I have been involved in art for as long as I can remember. I always felt that I was observant, especially after I was introduced to photography many years ago. Recently, my husband and I went to one of our favorite places, The Wichita Mountains Wildlife Refuge in Southwest Oklahoma. It is there that buffalo have the right of way over humans and vehicles. It is also very beautiful. I have photographed it before and used these photographs to produce 2D artwork.
I felt that I was very familiar with the rocks, trees, and vegetation. However, I had never looked at it from the perspective of one wanting to create 3D art, with programs such as Vue 5 Infinite, Carrara 5 Pro, or GeoControl. If someone had asked me about rock formations, the trees among the rocks, the basic color of the rocks, and the color and texture of the water in the canyons, I would have given a quick and definitive answer. I would have also been at least ninety-five percent wrong. On this trip, I began to look at the scenery in an entirely different manner. I began to look at:
I took a lot of pictures, but I took them as reference material for constructing 3D landscapes. As I looked at various landscapes, and different ideas went through my mind, I mentally inventoried the programs I knew, to see which one would work the best to accomplish a certain visual idea. All the programs I use and like, have different strengths and capabilities. Matching them to concepts, I find, is key to a successful creation.
The following are some of the "surprises" I found, when I really started to look:
1- Similar-sized trees of the same variety, and in the same location, will have totally different root structures. Now I know this to be a fact, but I always felt that there should be some roots showing. The tree pictured on the right, below, from some views did not evidence any roots at all. Thus, I felt much better about using some of the "rootless" trees in the various programs.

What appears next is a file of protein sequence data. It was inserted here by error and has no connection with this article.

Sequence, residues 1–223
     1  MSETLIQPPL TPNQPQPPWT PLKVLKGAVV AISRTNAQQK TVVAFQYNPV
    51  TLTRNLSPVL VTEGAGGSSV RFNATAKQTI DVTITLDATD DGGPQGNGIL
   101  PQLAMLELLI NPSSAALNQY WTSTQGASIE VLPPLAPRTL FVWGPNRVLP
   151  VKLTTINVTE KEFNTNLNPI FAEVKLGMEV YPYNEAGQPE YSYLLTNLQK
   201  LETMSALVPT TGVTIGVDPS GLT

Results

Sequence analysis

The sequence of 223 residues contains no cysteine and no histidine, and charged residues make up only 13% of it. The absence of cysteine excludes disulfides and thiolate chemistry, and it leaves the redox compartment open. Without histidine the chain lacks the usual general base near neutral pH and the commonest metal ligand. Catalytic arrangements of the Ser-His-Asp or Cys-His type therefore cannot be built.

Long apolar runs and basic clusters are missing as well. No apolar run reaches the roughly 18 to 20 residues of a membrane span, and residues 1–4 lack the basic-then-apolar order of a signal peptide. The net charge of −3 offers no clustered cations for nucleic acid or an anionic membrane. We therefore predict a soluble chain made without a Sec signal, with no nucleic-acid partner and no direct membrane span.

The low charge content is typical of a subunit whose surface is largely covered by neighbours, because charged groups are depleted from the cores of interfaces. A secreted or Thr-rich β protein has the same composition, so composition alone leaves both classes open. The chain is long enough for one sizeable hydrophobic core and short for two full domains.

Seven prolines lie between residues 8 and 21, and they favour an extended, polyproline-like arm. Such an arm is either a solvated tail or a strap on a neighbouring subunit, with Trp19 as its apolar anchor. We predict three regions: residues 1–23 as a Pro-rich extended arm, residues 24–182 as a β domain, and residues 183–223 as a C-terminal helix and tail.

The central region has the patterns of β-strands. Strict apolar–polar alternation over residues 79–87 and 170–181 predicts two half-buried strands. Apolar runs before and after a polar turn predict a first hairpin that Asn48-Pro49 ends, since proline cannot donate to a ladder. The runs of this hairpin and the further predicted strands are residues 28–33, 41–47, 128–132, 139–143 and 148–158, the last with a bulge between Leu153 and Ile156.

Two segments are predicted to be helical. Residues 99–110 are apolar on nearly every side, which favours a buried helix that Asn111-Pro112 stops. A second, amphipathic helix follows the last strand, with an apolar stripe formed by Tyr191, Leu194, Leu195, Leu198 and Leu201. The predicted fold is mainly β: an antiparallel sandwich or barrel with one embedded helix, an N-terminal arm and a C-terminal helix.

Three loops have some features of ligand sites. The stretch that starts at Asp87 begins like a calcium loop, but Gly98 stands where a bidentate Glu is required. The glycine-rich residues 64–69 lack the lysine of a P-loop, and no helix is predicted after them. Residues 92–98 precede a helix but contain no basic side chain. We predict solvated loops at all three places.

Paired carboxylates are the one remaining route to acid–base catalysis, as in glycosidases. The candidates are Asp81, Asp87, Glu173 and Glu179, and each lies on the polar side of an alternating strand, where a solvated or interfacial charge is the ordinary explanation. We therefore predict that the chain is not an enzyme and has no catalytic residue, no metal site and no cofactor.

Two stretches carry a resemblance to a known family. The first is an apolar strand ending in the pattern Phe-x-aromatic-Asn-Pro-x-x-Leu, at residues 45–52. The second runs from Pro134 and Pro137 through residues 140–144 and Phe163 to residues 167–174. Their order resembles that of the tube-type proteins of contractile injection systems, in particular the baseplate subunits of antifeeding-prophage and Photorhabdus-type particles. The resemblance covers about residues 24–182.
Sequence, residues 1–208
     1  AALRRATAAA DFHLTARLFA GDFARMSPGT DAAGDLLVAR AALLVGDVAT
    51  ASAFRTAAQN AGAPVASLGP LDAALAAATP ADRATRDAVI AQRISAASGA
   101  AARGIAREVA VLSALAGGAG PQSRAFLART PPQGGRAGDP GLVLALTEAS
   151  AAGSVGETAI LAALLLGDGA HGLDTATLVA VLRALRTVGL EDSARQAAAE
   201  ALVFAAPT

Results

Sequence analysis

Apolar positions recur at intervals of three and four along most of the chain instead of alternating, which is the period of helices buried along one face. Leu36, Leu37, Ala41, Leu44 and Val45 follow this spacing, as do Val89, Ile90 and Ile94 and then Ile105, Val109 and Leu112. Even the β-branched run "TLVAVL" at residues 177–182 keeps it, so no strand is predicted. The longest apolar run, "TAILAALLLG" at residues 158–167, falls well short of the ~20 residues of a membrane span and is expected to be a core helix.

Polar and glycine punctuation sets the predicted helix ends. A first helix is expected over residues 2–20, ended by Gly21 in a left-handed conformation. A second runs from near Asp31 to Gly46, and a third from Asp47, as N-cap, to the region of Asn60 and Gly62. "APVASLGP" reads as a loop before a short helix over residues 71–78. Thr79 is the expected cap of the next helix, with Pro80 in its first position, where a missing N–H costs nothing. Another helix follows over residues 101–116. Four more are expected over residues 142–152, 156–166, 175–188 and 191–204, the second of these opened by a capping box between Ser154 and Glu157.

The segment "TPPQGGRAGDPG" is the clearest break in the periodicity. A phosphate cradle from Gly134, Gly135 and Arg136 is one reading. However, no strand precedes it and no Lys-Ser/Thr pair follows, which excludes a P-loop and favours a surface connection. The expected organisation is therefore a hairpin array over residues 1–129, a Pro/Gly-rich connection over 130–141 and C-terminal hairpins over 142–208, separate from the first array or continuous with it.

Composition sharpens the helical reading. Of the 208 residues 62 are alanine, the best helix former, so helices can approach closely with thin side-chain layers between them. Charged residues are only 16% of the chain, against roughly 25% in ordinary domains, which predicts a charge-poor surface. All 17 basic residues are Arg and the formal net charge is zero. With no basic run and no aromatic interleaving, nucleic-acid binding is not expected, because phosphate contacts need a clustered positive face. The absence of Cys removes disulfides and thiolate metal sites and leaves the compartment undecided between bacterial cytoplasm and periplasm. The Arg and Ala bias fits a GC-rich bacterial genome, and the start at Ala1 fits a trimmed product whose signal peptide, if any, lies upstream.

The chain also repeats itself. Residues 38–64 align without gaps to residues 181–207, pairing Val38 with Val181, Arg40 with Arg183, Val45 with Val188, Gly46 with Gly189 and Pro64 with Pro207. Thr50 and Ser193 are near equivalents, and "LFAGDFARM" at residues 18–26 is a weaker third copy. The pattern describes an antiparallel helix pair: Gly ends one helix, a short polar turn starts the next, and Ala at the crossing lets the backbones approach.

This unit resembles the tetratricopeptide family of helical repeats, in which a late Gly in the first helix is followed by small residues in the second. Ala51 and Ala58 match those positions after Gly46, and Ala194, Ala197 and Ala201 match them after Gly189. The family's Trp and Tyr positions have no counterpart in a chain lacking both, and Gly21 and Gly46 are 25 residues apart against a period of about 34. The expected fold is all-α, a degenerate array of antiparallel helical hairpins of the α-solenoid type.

2 - When I think of mountains, I do not appreciate that rocks will go in one direction on one level, and a different direction on another level. I think of changes in color or foliage, but not in rock structure.
3 - I also looked at how trees could grow on a mountain with very little soil, and at a distance look as if they are growing from the rocks. Look at the image below, and the green arrow in the image above.
4 - Along the same line as the images, is the next one which shows the construction of boulders with a tree growing between the many rocks.
5 - Lastly, I studied lakes, and how from different angles the water looks so very different. I looked at how smooth it can be in spots, and also how rough. These spots are also not always a uniform shape. I considered which programs I could use to capture these variations.
I also looked at how the water's highlights would appear photographically, to see if they would give me more hints to create them either before hand, or in post-work.
I am sharing this experience, because I was amazed at how differently I looked at my surroundings when it was from the perspective of 3D, as opposed to 2D work.
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The Paula Sanders Report
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